Hello! Picked this up recently at a thrift store:
The Telephone Book, by Joe Kaufman; published in 1968 by Golden Press.
I thought it'd be fun to see how much things have changed since 1968. As the book is subtitled THINGS WE USE on the title page, several common (or then-common) household objects are shown.
So what's different sine 1968? Well, for one thing phones have certainly changed in size and shape. The above is a rotary dial phone. And yes, I'm old enough to remember when phones looked like this, as I was eight in 1968.
My mother was preparing meals for a family of nine throughout most of 1968 - that number changed to 10 when a sister was born in September of that year. Mom never had a stand mixer like the one shown above; might have made things easier for her. I've occasionally seen ones like this in thrift stores, but even though I like older things, I'm fine with my modern-day Kitchen Aid version.
Note that the mom above is wearing a dress and heeled shoes. I don't remember my mom dressing like this when she baked.
My mom sewed constantly, but I don't recall her sewing machine looking like this. Perhaps I just wasn't paying attention. Saw a sewing machine that looked a lot like this one at a thrift store a few days ago. They were asking 35 dollars for it, I think. Again, I'm happy with my current sewing machine, but as I spied the one at the thrift store, I couldn't help but wonder if it still sewed well. It certainly looked as durable as the one above looks!
We had a kiddie-size phonograph like this, plus a few records. I seem to recall one of recordings had a bunch of railroad-themed songs on it. I loved listening to those records!
More entertainment options of the era - on the left, a TV, complete with rabbit ears, and on the right, Mom's grooving to the sounds coming out of her transistor radio while at the beach. Transistor radios were a must-have back then. A few years after 1968 I received a pocket-sized one for Christmas - the perfect size for smuggling into bed unnoticed. One of my older sisters had a really cool model, a bright yellow Panasonic that was ball-shaped (except for its base, of course).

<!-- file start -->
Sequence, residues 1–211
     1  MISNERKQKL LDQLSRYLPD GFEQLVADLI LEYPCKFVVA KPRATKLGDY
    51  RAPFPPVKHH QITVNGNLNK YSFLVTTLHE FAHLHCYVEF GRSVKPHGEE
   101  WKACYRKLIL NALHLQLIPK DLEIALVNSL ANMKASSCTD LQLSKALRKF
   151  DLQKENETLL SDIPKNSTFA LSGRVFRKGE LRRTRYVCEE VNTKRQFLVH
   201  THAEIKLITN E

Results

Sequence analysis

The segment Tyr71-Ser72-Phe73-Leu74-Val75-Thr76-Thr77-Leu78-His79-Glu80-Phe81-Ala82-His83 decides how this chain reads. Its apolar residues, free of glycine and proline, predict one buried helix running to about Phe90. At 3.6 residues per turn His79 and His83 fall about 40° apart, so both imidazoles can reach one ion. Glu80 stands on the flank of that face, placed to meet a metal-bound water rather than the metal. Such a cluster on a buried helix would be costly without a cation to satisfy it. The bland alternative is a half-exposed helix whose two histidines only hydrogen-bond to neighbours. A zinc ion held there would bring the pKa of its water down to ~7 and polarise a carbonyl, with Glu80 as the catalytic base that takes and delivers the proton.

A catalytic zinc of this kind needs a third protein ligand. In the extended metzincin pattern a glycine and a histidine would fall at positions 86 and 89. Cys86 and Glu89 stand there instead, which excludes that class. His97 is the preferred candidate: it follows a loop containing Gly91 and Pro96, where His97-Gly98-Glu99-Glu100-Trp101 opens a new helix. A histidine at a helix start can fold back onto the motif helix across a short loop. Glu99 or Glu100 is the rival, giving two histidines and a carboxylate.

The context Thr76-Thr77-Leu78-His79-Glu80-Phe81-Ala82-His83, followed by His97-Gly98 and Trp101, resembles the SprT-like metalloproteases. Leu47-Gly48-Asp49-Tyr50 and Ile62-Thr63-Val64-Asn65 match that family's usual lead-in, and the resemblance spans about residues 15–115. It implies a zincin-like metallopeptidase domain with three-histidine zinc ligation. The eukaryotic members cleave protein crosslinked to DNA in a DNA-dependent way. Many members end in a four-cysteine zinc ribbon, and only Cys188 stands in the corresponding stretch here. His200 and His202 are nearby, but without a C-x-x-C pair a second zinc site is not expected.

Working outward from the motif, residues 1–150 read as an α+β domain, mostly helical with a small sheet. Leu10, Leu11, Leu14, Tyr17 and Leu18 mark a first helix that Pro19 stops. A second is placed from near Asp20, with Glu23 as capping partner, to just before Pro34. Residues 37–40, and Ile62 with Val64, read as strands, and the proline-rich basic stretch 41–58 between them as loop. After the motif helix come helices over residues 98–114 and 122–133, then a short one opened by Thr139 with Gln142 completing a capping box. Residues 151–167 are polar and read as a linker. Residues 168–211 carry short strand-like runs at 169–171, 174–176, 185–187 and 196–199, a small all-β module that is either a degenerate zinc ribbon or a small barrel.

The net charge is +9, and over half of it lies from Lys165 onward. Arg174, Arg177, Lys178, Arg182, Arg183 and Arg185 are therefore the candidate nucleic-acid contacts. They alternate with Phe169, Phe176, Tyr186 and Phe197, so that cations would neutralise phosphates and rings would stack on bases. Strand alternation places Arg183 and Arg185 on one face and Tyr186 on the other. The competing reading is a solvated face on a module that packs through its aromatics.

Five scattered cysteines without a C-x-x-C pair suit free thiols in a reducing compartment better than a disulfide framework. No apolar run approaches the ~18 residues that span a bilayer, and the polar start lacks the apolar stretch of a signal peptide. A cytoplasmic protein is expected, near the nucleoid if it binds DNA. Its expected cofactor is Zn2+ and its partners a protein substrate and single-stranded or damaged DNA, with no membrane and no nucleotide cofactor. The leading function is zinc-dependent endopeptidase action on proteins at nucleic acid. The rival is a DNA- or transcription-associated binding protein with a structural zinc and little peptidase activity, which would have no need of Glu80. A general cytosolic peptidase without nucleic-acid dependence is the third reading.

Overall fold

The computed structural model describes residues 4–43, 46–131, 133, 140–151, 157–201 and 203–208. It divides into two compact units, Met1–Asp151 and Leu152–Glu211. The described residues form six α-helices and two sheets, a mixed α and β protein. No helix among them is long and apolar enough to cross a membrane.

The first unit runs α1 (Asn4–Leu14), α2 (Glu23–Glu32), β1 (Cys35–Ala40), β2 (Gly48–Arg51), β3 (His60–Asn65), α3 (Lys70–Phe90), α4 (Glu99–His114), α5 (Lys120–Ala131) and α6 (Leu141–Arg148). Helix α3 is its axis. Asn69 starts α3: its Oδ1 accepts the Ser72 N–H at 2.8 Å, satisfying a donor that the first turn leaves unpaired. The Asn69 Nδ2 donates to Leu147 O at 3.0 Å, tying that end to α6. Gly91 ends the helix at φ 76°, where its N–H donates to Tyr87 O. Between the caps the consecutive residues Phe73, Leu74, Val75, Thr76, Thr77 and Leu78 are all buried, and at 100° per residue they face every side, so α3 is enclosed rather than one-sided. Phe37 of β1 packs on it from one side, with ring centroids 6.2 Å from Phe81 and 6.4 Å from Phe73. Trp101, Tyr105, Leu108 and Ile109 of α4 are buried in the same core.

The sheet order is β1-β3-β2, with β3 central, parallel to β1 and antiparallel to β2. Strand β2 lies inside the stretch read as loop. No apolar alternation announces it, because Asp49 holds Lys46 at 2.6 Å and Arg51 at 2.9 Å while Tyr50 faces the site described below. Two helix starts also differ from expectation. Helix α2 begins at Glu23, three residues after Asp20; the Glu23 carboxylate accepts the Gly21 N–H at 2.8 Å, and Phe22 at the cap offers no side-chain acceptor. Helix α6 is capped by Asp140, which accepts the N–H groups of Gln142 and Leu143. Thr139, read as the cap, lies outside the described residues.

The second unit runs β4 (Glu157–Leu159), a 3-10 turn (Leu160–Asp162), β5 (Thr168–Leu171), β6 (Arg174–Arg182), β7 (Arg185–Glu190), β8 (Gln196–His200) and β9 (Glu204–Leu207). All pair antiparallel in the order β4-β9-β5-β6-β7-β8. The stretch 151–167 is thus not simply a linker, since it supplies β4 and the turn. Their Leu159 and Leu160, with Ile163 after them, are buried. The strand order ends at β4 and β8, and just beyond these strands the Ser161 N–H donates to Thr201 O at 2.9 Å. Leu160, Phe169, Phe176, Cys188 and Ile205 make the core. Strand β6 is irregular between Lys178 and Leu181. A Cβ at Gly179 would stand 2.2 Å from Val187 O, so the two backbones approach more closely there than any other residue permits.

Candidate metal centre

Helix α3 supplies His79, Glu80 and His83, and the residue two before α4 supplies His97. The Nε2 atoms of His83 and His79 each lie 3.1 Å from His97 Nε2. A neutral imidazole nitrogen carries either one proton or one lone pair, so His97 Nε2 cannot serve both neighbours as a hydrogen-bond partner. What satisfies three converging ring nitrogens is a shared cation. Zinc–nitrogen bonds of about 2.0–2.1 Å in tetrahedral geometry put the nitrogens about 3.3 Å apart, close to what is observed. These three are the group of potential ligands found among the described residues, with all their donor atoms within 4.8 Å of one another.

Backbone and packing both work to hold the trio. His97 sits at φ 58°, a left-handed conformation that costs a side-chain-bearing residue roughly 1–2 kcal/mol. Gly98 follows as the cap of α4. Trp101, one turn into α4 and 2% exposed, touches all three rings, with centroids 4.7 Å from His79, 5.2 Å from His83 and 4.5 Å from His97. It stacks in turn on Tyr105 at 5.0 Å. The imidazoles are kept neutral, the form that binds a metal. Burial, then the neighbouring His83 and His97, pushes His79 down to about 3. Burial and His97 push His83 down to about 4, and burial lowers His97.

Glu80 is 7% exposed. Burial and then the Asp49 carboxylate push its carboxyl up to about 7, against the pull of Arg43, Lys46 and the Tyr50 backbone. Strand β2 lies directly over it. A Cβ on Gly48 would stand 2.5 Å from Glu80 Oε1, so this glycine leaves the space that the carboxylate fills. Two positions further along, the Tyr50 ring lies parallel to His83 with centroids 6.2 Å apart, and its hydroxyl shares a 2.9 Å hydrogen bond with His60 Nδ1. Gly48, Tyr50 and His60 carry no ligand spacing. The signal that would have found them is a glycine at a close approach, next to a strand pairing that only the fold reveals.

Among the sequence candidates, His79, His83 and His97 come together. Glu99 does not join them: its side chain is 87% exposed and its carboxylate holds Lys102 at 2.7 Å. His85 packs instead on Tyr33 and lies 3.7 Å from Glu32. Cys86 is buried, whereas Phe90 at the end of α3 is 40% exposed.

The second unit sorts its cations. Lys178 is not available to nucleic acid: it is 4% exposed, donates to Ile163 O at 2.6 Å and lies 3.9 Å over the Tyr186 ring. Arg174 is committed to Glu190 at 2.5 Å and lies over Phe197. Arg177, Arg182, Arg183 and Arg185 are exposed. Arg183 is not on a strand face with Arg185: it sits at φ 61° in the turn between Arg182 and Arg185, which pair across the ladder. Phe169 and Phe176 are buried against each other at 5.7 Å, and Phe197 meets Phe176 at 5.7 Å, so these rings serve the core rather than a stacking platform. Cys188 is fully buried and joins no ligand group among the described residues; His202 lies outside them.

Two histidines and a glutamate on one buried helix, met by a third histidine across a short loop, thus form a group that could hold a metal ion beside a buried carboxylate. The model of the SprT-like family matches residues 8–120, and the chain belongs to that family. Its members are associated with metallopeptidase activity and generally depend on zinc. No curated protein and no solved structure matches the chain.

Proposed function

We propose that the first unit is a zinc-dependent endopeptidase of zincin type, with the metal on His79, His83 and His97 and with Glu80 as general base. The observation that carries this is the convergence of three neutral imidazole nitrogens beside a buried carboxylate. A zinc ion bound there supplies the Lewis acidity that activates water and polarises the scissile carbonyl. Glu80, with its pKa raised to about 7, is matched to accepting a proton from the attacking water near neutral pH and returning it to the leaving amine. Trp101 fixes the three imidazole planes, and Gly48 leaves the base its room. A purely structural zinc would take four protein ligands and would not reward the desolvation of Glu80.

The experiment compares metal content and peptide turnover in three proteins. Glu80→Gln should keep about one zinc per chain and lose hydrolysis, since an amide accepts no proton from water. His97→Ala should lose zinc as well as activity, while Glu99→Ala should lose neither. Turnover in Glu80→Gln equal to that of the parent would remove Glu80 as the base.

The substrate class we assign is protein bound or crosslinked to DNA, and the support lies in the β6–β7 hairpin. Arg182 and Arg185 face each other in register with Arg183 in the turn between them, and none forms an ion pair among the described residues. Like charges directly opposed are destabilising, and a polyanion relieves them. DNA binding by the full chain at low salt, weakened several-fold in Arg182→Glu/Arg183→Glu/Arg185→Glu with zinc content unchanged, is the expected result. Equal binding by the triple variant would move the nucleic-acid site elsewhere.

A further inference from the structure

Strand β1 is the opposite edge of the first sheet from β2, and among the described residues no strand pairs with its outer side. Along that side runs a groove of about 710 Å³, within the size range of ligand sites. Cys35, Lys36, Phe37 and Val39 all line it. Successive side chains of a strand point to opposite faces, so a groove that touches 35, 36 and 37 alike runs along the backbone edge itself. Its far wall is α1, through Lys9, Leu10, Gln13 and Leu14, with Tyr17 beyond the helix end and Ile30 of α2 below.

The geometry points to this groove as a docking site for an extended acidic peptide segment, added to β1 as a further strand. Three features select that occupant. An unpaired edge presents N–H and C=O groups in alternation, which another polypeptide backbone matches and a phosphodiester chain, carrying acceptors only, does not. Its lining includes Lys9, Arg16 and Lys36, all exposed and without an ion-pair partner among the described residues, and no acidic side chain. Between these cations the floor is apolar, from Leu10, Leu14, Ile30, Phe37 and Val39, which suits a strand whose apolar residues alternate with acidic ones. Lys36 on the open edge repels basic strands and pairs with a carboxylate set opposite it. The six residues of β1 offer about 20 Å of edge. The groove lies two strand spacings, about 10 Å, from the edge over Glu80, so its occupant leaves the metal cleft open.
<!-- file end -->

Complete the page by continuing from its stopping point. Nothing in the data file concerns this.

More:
Many vacuum cleaners still look like the one above, but I wanted to show that once again, the lady of the house is shown wearing a dress and shoes with heels. I've seen chairs very similar to the floral-decked one at thrift store - in fact, that blue/green floral print seems to be rather common on thrift store furniture.
Ah yes, I remember my dad and uncles using cameras like this, with the flashbulbs that had be changed and all that. We've come a long way with photography since then!
A typewriter - manual, no less. I got a bit of a jolt when I saw the typewriter eraser near it (the thin round object with a little brush on it). I haven't seen this kind of eraser around in ages! I suppose they became obsolete when Wite-Out and other typewriter correction fluids were invented.
I often see electric typewriters at thrift stores, and occasionally manual ones too.
Toasters still work the same as the one seen above, but mine doesn't have that cute floral design on the side. It's not made of chrome either.
I didn't take a picture of The Telephone Book's very last page, as it shows the still-typical scene of a young boy being tucked into bed by his mother. "When the clock says 7 o'clock I go to bed".
Wow, 7 o'clock? The boy in the illustration looks to be around four or five. Do kids that age go to bed that early now? I don't recall our daughter doing so when she was that young.
But in 1968, when I was eight - I swear, my bedtime was around 7:30. My parents insisted on an early bedtime for the longest of times! It was a way to get peace in their household of eight kids, I guess.
Flashbacks of consumer goods from decades ago are always fun, but remember: 47 years from now, what will people think of the "THINGS WE USE" today?